America's 'first solar-powered town' was a hurricane success story as millions of other Floridians lost power — see inside Babcock Ranch
- Hurricane Ian knocked out power to 4 million customers in Florida.
- But one community was left largely unscathed by the Category-5 storm, CNN reported.
As Hurricane Ian battered Florida and left millions without power last week, one forward-thinking community managed to keep the lights on.
Babcock Ranch, a planned community of roughly 2,000 that bills itself as "America's first solar-powered town," skated through the storm without power loss or significant damage, CNN reported. A spokesperson for Babcock Ranch confirmed that residents didn't lose power.
The town — just north of Fort Myers — gets its electricity from an on-site, 870-acre solar array made up of 650,000 panels. The system produces more energy than the town consumes and includes batteries to supply power on cloudy days and at night.
Bonus solar panels on commercial rooftops and in public spaces boost energy generation. And some residents have installed panels on their homes, according to CNN. Babcock Ranch's website advertises a "life powered by the sun."
The majority of Florida's electricity comes from natural gas-fired power plants. Ian, which brought 150-mph gusts and pounding rain, knocked out power to more than 4 million customers in Florida, according to Reuters. Nearly 400,000 homes and business still didn't have power as of Tuesday, Reuters reported.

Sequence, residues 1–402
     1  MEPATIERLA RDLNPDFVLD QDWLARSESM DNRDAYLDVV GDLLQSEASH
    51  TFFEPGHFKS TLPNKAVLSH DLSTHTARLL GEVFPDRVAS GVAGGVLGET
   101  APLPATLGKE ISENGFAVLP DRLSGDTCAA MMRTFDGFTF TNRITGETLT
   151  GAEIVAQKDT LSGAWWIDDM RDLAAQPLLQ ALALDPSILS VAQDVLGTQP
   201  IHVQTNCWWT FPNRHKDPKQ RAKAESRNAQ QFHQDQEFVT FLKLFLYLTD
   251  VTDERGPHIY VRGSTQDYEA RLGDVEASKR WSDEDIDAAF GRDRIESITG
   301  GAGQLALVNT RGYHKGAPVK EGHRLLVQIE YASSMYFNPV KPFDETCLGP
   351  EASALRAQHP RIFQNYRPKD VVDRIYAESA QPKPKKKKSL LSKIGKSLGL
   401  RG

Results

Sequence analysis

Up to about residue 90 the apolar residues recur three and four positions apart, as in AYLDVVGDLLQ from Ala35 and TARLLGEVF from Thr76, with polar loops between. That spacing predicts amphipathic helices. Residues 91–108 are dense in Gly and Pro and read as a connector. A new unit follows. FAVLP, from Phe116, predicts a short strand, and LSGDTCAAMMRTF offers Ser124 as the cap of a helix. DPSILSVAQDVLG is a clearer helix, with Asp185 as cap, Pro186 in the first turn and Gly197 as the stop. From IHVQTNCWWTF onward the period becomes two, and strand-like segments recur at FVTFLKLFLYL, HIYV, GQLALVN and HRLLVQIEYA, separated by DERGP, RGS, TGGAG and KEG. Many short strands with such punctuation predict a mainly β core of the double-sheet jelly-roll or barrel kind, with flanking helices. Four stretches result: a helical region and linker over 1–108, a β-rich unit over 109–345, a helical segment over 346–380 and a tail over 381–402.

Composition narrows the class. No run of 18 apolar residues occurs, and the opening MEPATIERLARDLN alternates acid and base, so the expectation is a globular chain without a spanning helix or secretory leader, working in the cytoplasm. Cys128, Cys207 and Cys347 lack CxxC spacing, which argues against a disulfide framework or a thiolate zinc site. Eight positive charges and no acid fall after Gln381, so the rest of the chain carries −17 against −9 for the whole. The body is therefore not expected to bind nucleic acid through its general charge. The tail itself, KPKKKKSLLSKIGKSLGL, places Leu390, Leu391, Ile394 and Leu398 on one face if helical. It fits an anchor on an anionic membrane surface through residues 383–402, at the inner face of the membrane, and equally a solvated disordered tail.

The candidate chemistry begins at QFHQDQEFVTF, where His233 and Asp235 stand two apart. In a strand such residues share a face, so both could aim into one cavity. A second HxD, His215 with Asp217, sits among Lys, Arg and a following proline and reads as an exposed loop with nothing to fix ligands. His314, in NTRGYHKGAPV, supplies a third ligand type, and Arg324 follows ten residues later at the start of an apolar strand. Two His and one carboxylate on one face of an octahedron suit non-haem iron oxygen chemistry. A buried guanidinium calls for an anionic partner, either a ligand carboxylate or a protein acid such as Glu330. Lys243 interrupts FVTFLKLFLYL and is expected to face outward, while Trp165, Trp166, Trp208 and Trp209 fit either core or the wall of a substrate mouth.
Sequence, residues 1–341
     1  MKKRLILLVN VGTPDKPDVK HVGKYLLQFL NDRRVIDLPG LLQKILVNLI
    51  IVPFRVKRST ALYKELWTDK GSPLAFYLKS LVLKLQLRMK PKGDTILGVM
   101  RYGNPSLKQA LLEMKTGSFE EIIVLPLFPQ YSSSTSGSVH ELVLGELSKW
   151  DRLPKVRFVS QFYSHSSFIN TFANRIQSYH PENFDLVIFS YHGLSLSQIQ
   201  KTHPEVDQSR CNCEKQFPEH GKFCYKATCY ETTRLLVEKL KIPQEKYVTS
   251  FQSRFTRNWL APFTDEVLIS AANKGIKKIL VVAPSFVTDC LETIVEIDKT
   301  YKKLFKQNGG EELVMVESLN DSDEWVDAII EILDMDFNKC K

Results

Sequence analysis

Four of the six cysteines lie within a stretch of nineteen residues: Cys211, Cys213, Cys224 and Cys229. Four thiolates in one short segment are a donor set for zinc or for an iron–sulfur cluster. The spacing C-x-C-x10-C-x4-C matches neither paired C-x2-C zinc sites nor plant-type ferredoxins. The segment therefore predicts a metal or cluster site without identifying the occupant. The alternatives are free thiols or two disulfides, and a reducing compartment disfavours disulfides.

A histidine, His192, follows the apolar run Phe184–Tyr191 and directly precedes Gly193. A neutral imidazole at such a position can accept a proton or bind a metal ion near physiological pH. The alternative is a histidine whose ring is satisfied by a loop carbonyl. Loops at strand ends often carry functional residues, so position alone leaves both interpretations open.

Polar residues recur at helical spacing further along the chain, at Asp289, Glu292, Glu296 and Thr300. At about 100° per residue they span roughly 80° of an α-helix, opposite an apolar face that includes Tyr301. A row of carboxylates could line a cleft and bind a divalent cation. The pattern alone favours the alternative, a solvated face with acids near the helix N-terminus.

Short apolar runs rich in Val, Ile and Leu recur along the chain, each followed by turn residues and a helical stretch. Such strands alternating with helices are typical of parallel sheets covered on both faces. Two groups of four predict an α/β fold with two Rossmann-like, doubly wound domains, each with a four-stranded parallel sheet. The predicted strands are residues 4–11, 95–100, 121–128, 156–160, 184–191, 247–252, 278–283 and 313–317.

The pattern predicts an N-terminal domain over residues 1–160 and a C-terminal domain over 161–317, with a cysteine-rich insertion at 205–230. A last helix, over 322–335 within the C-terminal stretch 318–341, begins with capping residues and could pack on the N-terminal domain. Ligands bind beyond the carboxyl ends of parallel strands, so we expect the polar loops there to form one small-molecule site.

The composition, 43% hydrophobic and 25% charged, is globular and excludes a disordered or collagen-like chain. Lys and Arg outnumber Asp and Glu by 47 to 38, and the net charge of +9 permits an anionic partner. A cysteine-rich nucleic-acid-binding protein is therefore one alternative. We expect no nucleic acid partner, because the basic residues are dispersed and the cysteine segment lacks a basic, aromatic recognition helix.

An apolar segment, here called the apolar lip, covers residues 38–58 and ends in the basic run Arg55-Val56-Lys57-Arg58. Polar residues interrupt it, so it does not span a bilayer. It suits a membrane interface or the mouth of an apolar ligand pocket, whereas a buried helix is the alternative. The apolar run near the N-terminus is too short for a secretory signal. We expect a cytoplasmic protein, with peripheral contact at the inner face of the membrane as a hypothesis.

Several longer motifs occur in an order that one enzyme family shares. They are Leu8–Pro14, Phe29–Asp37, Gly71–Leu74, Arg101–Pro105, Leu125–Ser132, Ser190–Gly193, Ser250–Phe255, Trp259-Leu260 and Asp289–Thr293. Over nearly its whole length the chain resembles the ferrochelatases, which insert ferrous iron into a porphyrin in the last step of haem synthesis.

Although solar power is at the core of Babcock Ranch, the community as a whole was developed with a focus on sustainability and climate resiliency.
Streets were designed to minimize flooding. The town was built above storm surge area. The field house at the new Babcock High School doubles as a storm shelter.
According to CNN, the town's power and internet cables are buried to protect them from wind. Half of the town's acreage is dedicated to parks, lakes, and greenways.
Residents told CNN that Ian was proof that Babcock Ranch's concept holds up in the face of a severe storm.
"We have proof of the case now because [the hurricane] came right over us," one resident told CNN. "We have water, electricity, internet — and we may be the only people in Southwest Florida who are that fortunate."
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